Greetings from the Bayou!
This shot was part of an impromptu personal project piggybacking a commissioned shoot in New Orleans. A location scout friend mentioned over a beer, fishing shacks you could only access by boat. New Orleans is utterly unique, its own ecosystem that’s both accessible and hidden at the same time. New Orleans and the bayou are such a draw for me, and these shacks – an hour drive and a half-hour boat ride into a different world were impossible to resist. I hired a waterman – from a line of lifelong watermen – to get me there.
The shack itself was perched low in the water and far from anything else, like a structure emerged from the brackish depths. It was somewhat improbable and otherworldly in that really New Orleans way. As I saw it in person and made my images, my mind kept wandering to what it would be like to boat up to a structure with other amenities – an even more unbelievable sight.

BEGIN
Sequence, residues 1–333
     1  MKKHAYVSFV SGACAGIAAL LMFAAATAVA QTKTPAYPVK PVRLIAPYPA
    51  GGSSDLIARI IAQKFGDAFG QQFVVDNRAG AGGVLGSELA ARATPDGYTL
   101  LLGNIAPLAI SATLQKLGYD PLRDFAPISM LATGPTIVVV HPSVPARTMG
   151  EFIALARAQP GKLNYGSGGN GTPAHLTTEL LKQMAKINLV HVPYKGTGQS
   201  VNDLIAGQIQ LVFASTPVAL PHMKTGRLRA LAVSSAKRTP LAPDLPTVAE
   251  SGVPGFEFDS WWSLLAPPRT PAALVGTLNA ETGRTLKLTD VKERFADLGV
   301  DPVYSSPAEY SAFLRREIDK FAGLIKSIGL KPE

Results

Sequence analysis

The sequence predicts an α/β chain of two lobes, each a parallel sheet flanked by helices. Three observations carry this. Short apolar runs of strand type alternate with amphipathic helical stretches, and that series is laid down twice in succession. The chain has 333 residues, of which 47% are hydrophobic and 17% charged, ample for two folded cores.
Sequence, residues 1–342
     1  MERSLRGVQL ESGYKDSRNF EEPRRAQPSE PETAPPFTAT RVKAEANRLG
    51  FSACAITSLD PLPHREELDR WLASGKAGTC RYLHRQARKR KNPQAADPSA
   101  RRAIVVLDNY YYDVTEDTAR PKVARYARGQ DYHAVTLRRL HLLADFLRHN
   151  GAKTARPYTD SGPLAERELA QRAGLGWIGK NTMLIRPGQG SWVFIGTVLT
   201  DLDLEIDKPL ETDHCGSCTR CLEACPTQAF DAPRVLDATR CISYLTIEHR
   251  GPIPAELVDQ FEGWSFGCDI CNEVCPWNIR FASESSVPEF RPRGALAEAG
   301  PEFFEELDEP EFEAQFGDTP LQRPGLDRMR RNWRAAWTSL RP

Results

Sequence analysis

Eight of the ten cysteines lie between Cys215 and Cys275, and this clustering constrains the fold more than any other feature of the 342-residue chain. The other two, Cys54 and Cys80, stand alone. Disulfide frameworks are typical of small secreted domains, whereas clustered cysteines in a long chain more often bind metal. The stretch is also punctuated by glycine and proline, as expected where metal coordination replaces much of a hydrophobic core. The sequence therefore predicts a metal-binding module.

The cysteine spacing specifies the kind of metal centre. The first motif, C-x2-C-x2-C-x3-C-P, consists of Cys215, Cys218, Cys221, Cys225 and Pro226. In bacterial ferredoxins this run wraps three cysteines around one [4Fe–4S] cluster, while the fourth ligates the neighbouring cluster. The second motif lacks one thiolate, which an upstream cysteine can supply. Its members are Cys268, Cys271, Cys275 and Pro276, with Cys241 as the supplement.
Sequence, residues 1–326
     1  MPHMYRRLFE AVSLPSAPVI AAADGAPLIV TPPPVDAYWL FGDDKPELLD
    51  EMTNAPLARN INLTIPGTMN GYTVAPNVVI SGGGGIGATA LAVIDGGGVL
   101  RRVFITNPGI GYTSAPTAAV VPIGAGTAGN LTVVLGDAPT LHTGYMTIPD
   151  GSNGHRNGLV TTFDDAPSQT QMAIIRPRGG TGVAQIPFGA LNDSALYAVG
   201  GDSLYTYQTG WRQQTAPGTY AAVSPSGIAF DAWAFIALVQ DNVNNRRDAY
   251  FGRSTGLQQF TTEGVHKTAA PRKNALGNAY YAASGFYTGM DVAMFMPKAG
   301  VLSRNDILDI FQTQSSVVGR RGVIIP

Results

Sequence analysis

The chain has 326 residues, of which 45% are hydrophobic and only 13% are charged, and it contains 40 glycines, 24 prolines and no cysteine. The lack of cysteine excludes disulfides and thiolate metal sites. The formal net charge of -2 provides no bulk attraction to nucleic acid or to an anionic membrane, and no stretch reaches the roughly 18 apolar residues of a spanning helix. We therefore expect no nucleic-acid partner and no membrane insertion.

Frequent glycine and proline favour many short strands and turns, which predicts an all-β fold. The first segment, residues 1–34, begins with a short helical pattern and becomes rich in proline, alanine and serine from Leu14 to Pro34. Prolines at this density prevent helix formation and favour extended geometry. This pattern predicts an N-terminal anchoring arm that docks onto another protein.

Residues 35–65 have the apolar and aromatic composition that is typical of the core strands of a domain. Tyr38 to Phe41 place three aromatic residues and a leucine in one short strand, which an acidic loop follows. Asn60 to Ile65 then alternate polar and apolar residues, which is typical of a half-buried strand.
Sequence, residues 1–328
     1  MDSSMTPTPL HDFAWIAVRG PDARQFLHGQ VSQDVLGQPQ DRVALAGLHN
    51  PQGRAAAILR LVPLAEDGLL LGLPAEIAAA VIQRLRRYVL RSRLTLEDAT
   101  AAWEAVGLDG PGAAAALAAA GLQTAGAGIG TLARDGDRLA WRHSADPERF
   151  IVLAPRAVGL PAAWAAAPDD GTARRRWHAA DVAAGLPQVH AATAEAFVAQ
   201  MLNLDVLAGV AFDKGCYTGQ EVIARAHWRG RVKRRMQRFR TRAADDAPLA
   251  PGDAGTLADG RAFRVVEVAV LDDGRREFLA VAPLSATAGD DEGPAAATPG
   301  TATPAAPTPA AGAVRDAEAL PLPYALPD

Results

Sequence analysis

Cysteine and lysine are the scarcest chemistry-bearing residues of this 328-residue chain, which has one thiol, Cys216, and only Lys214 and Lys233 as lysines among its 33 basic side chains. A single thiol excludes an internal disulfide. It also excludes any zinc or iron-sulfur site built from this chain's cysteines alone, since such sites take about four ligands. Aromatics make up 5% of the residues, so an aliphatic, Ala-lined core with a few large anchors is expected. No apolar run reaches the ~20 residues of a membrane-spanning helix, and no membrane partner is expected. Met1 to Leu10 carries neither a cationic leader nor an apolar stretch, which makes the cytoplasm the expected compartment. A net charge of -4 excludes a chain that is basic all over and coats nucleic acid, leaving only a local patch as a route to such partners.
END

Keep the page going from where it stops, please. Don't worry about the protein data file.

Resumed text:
Besides bayous having a special meaning to me, ever since I was a kid, I’ve loved the comic strip Pogo. Pogo is the title character in a long-running comic strip that started in the 1940s by cartoonist Walt Kelly. Pogo is set in the Okefenokee Swamp of the southeastern United States. All the characters live in the swamp with Pogo the possum as the main character and his good friend Albert the alligator. Poetry, wordplay, puns and lush artwork all come together to create humor, wisdom and thoughtfulness that have been enjoyed by kids and adults alike all these years.
Another influence at work here was a childhood favorite, A Cajun Night Before Christmas, by James Rice and Trosclair. Here the classic Christmas narrative poem by Clement Clarke Moore is retold in a Cajun dialect with an alligator who helps Santa and then is left behind in the Louisiana Bayou. To finally bring my idea to life, I reached out to Souverein Weesp to help design and create these fun, dancing and singing alligators, jazz bands and the Bayou atmosphere.